Stepping up to the plate: Is Canada ready for what’s coming in AI?


March 29, 2024 1:00 pm EDT - March 29, 2024 8:00 pm EDT

Join us to discuss the opportunities and risks of AI technologies with leading experts across industry, academia, civil society, and policy.

Around the world, governments are competing to get the most out of AI technologies to improve the delivery of services and improve private sector productivity. Balancing the opportunities and risks in AI technologies will be one of the most important public policy questions this decade.

Please join the Internet Society – Canada Chapter and leading Canadian and international experts from across industry, academia, civil society, and policy to discuss these topics.

WHEN: Wednesday, March 29, 2023 – 1:30 pm onward followed by a cocktail reception

WHERE: Rideau Club, 99 Bank Street, Ottawa, ON, K1P 6B9




1:30 – 1:40 pm Opening remarks from Franca Palazzo, Executive Director, Internet Society – Canada Chapter  


1:40 – 2:40 pm PANEL I – Crossing the ‘Valley of Death’ in AI R&D policy: how can Canada harness its strengths in fundamental AI research to realize greater economic growth and higher productivity?

A stark assessment last year by the OECD projects Canada to be the weakest performing economy out of 38 advanced countries over the next forty years, with labour productivity cited as the principal driver.

Artificial Intelligence offers an opportunity to overturn this trend: a recent MIT study of current AI technologies suggested that broadening AI adoption in R&D activities alone could double long-term productivity growth trends.

As a long-time leader and investor in fundamental AI research, Canada has a strong foundation to seize this opportunity. However, while it commonly ranks in the global top 5 on research influence, Canada still lags on the average in IBM’s Global AI Adoption Index, as countries around the world have developed strategies to pursue AI adoption much more aggressively.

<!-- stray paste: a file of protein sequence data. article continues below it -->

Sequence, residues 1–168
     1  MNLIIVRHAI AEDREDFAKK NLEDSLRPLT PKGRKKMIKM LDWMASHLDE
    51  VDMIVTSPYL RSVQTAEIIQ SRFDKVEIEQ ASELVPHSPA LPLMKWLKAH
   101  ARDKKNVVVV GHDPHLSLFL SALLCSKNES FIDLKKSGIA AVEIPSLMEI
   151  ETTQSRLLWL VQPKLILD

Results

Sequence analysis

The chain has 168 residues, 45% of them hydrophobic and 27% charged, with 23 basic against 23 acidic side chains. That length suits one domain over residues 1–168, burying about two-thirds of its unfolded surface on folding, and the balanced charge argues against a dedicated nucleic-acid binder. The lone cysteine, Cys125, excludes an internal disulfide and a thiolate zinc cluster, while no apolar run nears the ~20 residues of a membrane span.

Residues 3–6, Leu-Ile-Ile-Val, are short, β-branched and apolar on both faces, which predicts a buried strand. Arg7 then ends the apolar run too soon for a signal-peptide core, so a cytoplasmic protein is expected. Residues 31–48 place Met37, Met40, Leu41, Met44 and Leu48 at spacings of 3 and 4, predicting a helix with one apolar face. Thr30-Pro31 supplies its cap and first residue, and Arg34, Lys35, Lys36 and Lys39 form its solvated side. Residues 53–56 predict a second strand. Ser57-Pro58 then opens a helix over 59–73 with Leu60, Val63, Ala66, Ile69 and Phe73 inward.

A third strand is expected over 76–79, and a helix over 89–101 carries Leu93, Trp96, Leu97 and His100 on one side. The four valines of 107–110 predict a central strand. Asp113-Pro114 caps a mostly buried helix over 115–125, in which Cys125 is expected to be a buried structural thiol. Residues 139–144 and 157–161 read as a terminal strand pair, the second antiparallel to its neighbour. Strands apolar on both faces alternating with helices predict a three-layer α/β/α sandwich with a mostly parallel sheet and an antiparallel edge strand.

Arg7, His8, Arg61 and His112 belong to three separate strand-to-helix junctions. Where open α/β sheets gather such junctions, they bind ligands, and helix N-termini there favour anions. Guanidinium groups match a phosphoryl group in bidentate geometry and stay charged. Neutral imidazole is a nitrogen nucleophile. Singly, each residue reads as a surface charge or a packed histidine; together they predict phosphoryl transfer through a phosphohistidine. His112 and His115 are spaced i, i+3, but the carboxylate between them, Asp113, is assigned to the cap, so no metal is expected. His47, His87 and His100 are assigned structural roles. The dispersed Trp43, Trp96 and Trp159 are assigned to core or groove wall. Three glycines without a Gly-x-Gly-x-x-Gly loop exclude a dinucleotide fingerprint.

This panel will discuss how Canada can close this gap, as we explore:

  • Canada’s track record to date on AI adoption and current barriers;
  • Strategic opportunities in specific sectors;
  • The industrial policy levers they can turn to in order to advance their AI adoption performance;
  • The role of different actors in the ecosystem.


  • Mark Hazelden, Senior Director, Brookfield Institute for Innovation and Entrepreneurship
  • Sara El-Hanfy, Head of AI & Machine Learning, Innovate UK
  • Robert Asselin, Business Council of Canada

Moderated by: Nicole Foster, Director of AWS Global AI/ML and Canada Public Policy, AWS 


2:50 – 3:45 pm PANEL II – Stepping up to the plate: are Canada’s government institutions ready for what’s coming in AI?

As many governments have moved from principles to practice, and the use cases for AI technologies have become more widely understood, the value of technical understanding and policy capacity within government has never been more important.

Around the world, governments are adopting AI technologies to improve their healthcare systems, city transport networks, delivery of education, and more. The practical understanding derived from deploying these technologies within their own institutions is helping infuse their regulatory approach with a more informed approach. And it is also providing a practical platform for meaningful international cooperation, whether that is the UK-US collaboration on Privacy Enhancing Technologies, or the EU-Singapore Digital Partnership Agreement.